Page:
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Established in the fall of 2016 as part of the Moving Dartmouth Forward initiative, the housing communities have become a key source of community and involvement for many students. However, in the system’s first few years, students have raised concerns about its initial roll-out. Some, but not all, have been tackled and resulted in changes to operations.
On Oct. 9, former chair of the Federal Deposit Insurance Corporation Sheila Bair spoke with former undersecretary of the Treasury and current Tuck Business School professor Peter Fisher as part of a public lecture entitled “Ten Year Anniversary of the Financial Crisis,” sponsored by the Rockefeller Center for Public Policy.
On Monday, Oct. 1, the College released the 2018 Clery Act Security and Fire Safety Report, reporting campus crime statistics from 2015 to 2017. College crime statistics reported for 2017 are comparable to past years’ reports, said to Title IX coordinator and Clery compliance officer Kristi Clemens.
Enshrined in the mission statement of the Dartmouth Outing Club, in addition to its commitment to fostering student community and leadership in the outdoors, is the principle of environmental stewardship. The DOC, one of the largest clubs on campus, acts as an umbrella organization under which many sub-clubs such as Cabin and Trail, Ledyard Canoe Club and the Organic Farm operate. Recently, many members of the DOC’s directorate have expressed interest in making greater sustainability efforts.
Future quantitative social science majors will no longer be required to complete a thesis before graduating. This spring, the College’s QSS program updated its major requirements, adding a non-honors track that will be available to the Class of 2019 and later.
Over the past two weeks, students have noticed the disappearance of an important staple at Dartmouth Dining Services locations across campus — plastic straws. Over the past month, DDS has transitioned from the use of standard plastic straws to red-and-white-striped biodegradable paper straws. This transition was spearheaded by associate director of DDS Don Reed, who said the change is part of a larger effort to make DDS as sustainable as possible.
“Sophomore summer is the new freshman fall.” That’s Jake Klein ’20’s motto for Strips 2018, which he will direct alongside three other sophomores. Strips — which stands for Sophomore Trips — is a program run each year that allows sophomores to both lead and participate in three-day trips before they begin sophomore summer, modeled off the Dartmouth Outing Club’s First-Year Trips program.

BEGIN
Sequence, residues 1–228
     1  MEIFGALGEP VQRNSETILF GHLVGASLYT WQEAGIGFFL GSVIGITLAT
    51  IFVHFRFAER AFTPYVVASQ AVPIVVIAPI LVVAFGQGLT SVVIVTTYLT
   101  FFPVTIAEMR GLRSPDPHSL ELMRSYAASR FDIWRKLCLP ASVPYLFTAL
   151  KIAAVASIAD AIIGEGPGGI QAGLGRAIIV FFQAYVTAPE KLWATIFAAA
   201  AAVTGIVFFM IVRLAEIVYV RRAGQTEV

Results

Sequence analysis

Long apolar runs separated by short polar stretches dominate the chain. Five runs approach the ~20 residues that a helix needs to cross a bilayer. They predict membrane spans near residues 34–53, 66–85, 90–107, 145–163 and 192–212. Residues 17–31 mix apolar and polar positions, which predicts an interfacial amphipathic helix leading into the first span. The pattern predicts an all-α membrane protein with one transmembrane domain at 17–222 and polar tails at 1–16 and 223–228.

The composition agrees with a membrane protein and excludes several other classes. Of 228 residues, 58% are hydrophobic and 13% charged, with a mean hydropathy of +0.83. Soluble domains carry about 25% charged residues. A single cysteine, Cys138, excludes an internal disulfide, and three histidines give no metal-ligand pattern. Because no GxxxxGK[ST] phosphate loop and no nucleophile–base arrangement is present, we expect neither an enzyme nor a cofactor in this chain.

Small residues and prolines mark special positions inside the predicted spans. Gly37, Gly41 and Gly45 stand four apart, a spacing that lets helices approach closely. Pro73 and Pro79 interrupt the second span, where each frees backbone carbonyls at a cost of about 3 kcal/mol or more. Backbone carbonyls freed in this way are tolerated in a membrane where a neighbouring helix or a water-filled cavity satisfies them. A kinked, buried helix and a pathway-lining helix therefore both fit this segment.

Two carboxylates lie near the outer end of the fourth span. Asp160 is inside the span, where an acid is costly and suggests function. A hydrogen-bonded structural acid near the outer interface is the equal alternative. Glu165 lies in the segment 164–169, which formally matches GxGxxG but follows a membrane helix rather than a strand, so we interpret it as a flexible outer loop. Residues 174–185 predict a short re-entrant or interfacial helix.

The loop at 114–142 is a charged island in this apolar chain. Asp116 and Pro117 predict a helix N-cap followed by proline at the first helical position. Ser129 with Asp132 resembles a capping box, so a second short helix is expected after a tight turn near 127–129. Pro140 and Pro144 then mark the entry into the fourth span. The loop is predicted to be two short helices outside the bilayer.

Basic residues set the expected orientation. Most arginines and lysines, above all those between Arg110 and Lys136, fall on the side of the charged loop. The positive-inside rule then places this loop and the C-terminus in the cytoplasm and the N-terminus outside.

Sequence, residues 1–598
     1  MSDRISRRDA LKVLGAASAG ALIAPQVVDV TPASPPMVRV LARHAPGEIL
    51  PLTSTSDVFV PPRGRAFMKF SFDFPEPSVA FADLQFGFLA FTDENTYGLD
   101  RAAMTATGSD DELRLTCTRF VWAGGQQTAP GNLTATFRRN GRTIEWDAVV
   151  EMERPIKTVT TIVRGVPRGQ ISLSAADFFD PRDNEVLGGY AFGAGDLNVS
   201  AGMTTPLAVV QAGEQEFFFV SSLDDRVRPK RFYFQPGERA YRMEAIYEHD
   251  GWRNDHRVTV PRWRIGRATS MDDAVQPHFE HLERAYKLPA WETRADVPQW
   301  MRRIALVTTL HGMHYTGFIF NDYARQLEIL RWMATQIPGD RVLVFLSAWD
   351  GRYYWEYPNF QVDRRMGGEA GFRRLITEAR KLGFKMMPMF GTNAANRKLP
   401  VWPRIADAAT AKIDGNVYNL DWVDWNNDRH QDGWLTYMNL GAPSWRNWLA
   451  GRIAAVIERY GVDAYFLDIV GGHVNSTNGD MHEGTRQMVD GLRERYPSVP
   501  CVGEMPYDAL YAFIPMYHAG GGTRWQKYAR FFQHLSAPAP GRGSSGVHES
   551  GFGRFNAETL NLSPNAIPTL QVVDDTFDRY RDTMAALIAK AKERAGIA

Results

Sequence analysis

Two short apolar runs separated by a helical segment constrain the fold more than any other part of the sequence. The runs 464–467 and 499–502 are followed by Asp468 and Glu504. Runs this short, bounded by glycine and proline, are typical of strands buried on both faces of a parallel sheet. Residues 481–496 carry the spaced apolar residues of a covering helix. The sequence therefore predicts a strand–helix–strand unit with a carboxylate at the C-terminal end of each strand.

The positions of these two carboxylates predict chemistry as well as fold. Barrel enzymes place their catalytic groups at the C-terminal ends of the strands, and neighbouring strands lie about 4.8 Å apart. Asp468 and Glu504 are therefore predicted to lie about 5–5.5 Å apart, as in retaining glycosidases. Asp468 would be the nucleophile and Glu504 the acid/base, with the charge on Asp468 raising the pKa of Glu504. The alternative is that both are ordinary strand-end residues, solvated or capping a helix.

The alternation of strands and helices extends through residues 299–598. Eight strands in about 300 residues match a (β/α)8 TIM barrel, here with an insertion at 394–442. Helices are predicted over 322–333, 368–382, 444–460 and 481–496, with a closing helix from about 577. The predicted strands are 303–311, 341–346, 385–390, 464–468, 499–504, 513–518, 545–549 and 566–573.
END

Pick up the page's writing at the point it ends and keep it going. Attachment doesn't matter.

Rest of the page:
“An effervescent, magnetic, amazing human being with a heart of gold,” associate director of Dartmouth’s Center for Social Impact Ashley Doolittle said of Sabyne Pierre ’20. These qualities have made her “an obvious choice” to receive the 2018 Newman Civic Fellowship, Doolittle added.
This past weekend, Dartmouth College Hillel celebrated the 20th anniversary of the Roth Center for Jewish Life, which opened in 1998 following a donation by Steven Roth ’62 TU’63. The weekend’s events included various services, meals and speeches by alumni, students and guests reflecting on how the Roth Center has fostered community at the College.
Earlier this month, Folk — a small retail shop located on Allen Street in downtown Hanover — announced its plans to close at the end of the spring or early summer. Commonly frequented by College alumni, Folk sells a range of jewelry, clothing and other eclectic art pieces.
This year, the College’s Week of Action, which is a part of Sexual Assault Awareness Month, featured talk, workshops and movie screenings.
In May, nine Geisel School of Medicine students received Albert Schweitzer Fellowships to pursue community service projects in the Upper Valley. As an organization, The Albert Schweitzer Fellowship provides 250 first-year graduate students with $2,000 stipends to foster year-long projects that promote healthier communities and lives in under-resourced areas. As the fellowship recipients reach the halfway points in their projects, the Geisel students have made progress in their overall project goals.
The College is studying the possibility of adding additional residence halls in a portion of College Park, a largely underutilized 35-acre green space east of central campus. The park is home to several monuments and iconic structures such as Bartlett Tower, a statue of Robert Frost, Bema and Shattuck Observatory. The plan stems from concerns about the long-term sustainability of the College’s student housing amid recent student-body size increases.